A Good Thing Never Dies: The Apple Biometric Earbud Hoax

If you were paying attention to tech news last week, you might have heard something incredibly revolutionary: Apple was designing a new biometric EarBud that wouldn’t just play music. It would also listen to your heartrate and monitor your health. Not only that, but they would have iBeacons in them to prevent you from getting lost. The iBeacon thing is cool, but the ability to put biometrics inside of earbuds is nothing short of astonishing: indeed, it portends great strides forward in the areas of medicine, mobile tech, and the Internet of Things, as well as our future with wearable technolog.

A beautiful dream

Needless to say, the news jumped on this, and it spread from blog to blog at the speed of the Internet, even landing on real news. There was just one problem: it wasn’t true. In fact, it was “sourced” from the Secret app, a new forum allowing people to post with absolute anonymity. This can be a good thing for leaking information, or your terrible, terrible, poetry, but the problem is that there is no way to tell when it is someone leaking something important and true or someone just chaffing. In this case, we got the chaff.

There’s a lot to be said about this story on a non-story, and not the least of which is the absolute shoddy journalism by anyone who click-baited with a headline that came from absolutely nowhere credible – real news sources should be ashamed for trying to ape what is destroying them (and they should read this article about their future). Journalism is trying to adapt to new climates, but running with whatever seems cool does a disservice to what I believe can still be a noble profession.

However, it is the “seems cool” that is really catchy here. There is a reason that stories go viral – whether they are cute, weird, disgusting, shocking, or some combination of those. But this is one that briefly captured a lot of people’s imaginations, because it was so cool and seemed so revolutionary. But why? After all, we have EarBuds, and we have biometrics- what’s the big deal about mashing them together like so many hamburger earmuffs?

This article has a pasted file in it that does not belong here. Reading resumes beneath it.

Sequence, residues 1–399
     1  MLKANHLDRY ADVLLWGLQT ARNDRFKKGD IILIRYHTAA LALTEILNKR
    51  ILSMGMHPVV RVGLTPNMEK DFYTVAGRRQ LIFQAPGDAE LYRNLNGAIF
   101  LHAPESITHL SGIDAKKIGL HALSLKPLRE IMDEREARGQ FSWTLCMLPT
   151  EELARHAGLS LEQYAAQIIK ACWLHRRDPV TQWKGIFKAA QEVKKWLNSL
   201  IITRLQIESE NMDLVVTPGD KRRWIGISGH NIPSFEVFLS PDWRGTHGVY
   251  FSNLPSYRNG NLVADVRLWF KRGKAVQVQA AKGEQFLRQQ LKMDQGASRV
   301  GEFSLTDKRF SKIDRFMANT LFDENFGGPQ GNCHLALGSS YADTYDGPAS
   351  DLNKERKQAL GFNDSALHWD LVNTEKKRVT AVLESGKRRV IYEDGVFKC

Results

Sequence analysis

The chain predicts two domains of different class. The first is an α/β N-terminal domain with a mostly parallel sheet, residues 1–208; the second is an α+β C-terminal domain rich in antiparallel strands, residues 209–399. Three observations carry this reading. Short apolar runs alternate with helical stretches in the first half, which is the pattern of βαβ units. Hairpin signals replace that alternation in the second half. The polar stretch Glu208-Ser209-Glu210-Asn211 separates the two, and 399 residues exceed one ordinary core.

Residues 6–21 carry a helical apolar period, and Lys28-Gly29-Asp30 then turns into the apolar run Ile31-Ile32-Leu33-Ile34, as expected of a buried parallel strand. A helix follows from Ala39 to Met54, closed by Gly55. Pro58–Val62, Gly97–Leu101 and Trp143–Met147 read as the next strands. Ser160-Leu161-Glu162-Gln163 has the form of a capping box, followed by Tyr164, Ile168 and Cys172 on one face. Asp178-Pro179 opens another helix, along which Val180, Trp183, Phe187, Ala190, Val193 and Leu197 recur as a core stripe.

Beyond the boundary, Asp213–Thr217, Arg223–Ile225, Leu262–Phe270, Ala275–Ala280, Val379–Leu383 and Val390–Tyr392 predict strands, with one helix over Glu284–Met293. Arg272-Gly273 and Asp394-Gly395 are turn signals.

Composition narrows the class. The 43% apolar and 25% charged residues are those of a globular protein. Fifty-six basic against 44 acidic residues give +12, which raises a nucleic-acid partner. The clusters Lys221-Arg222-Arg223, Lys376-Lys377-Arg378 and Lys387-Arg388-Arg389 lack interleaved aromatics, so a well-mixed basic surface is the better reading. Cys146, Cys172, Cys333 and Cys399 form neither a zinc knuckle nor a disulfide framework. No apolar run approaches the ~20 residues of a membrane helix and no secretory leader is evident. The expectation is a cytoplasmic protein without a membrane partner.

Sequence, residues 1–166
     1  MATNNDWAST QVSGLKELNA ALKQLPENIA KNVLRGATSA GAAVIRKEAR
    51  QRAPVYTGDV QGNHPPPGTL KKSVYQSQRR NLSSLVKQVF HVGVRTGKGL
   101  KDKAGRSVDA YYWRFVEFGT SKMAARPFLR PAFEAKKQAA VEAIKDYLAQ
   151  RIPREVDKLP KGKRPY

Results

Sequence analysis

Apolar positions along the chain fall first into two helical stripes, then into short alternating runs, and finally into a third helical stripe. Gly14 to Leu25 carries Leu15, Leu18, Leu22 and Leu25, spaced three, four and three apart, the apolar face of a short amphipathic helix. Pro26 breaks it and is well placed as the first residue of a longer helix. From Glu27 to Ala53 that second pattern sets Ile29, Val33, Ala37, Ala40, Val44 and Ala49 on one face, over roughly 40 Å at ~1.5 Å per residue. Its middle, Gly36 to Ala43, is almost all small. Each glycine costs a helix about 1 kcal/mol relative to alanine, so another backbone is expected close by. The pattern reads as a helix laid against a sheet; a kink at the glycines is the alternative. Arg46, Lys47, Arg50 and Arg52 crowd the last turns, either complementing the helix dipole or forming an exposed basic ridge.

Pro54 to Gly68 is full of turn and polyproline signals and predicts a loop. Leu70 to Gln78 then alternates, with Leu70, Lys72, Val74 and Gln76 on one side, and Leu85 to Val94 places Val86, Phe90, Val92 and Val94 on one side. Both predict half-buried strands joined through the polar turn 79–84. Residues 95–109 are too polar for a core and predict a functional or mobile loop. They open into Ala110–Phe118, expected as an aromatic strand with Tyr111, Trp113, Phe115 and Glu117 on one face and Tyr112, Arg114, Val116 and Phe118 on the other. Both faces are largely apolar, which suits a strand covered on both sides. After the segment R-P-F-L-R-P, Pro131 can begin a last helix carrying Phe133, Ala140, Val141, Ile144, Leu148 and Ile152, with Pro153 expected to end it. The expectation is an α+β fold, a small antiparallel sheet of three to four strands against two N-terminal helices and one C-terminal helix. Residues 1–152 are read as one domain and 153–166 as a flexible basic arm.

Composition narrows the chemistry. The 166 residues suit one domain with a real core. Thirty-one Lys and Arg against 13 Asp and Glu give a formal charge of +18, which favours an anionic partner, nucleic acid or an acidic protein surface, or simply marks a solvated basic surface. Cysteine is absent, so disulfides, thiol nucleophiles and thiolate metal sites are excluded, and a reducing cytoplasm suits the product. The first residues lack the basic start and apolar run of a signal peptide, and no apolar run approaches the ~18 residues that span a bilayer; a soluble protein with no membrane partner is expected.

Everything’s mobile, everything’s cool

What the earbud hoax (or joke) triggered was the idea that everything could be mobile and could be seamlessly integrated into technology that we already have. You already always have your phone on you, whether you are walking or jogging or sitting on the bus, and chances are your earbuds are in, unless you are being directly spoken to by no less than a Cabinet-level member of the Executive branch. If that can also read your heart rate and tell you if your blood pressure is bad, it would be doing an enormous service to your health.

But that is just where it would start. We’ve had such an explosion in technology in the last decade that we are trained to think about what is next. We already know that nanotechnology is making huge advancements in both diagnosing and curing diseases, failures, sicknesses, breakdowns, and other conditions that, along with curiosity and hope, are an inherent part of being human.

Earbuds Controlling Nanobots

So then we extrapolate: what if our earbuds, that vital part of the new millenium, can communicate and and even control nanobots already hanging out, ready to do work on clots and clogs and torn linings, pouncing like gleaming white blood cells, an army of efficiency working unknown in your body? What if our smartphones can diagnose and cure, all while we’re on our normal morning walk? The ability of our devices to communicate with each other will exponentially multiply their speed and their ability to work independent of any more input or guidance. It is the Internet of Things, and our body is one of them.

So that’s why it spread (and partially because, cooly, Apple has been working on such a thing). Some people find the idea of our devices communicating independently exhilarating and liberating, and some find it frightening and confining. Both could be right. But the thrill of this story is that we intuitively believed that such a rumor was possible, and we know now once a barrier is breached, there is no going back. The story may have been false – for now – but the emotions it engendered are just a warmup for the real thing.  

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